Finally, a common formalism implies a common semantics—one that enables data analysts and enthusiasts alike to visually interact with, clean, and augment underlying data.

Next-generation analytics will require next-generation data management, visualization, interaction design, and collaboration. We take a pragmatic stance in recommending that organizations build a VA infrastructure that will integrate with existing research efforts to solve interdisciplinary projects—this is possible at almost any size. Furthermore, grounding the structure with a real-world problem can facilitate rapid invention and evaluation, which can prove invaluable. Moving forward, organizations should be better-equipped to take advantage of the data they already maintain to make better decisions.


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1 The date’s attacks required real-time response at an unprecedented scale.

2 Only a few decades ago, visualization was unrecognized as a mainstream academic discipline. John Tukey (inventor of the FFT algorithm, box plot, and more) played a key part in its broader adoption, highlighting its role in data analysis.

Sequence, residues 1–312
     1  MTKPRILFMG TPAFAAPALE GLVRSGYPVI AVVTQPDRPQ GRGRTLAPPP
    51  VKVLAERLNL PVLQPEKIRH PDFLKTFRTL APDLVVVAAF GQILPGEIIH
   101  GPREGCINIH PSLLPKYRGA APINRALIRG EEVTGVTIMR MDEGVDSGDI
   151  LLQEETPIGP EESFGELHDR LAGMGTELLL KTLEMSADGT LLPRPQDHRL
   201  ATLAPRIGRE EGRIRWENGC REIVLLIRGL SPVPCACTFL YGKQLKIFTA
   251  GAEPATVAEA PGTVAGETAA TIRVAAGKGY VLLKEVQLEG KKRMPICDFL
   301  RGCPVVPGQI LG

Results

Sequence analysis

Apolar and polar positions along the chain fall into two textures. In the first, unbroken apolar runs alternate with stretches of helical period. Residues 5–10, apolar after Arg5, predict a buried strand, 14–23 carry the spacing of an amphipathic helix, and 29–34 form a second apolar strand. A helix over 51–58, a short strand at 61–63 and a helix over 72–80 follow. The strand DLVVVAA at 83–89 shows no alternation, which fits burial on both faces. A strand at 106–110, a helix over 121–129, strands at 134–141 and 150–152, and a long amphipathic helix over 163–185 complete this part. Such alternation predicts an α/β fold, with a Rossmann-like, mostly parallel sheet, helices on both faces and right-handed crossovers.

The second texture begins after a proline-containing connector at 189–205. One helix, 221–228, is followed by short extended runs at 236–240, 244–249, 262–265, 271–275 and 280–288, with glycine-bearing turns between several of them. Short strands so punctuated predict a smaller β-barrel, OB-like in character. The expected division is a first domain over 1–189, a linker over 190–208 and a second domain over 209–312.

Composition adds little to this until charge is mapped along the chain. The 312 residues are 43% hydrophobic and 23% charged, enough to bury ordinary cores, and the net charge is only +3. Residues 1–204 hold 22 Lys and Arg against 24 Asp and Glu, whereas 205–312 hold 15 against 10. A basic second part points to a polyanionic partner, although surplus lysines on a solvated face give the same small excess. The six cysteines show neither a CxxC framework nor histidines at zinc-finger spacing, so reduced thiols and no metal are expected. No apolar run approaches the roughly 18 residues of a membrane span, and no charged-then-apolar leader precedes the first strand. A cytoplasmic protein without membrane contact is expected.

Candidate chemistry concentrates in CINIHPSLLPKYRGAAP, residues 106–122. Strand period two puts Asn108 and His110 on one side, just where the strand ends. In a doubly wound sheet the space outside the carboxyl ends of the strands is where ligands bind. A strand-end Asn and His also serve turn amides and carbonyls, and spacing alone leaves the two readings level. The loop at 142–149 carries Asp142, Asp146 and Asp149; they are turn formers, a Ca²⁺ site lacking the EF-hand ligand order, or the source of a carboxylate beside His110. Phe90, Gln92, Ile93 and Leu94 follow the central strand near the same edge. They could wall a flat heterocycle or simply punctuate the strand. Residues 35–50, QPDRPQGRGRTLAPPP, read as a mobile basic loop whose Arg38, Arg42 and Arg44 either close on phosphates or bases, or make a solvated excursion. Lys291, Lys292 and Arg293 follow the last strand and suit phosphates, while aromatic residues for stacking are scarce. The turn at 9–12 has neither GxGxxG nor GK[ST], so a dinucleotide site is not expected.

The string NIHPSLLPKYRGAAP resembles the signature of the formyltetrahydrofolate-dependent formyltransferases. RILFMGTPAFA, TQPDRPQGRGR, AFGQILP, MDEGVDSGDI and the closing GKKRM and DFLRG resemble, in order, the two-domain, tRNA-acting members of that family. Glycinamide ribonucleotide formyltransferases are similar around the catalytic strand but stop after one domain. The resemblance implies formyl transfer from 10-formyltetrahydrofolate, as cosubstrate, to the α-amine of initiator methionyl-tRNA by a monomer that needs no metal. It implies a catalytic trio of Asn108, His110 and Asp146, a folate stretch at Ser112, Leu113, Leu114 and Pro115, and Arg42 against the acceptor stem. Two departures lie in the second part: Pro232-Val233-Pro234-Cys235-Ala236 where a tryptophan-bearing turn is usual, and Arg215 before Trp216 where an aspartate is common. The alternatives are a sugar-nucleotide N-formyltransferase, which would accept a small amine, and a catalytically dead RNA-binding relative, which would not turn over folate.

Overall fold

3 During this time, several academic visualization projects set the groundwork for new visualization techniques and tools. One example is Stanford’s Polaris [31];, an extension of pivot tables that enabled interactive, visual exploration of large databases. In 2003, the project was spun into the commercially available Tableau software. A comparison of commercial systems is provided in [12].

4 Keim emphasizes VA in his modification: “Analyze first, show the important, zoom, filter and analyze further, details on demand” [7].

5 Tamr, for example, emphasizes collaboration within a VA framework, using machine learning to automate tedious tasks while keeping human experts in the loop for guidance.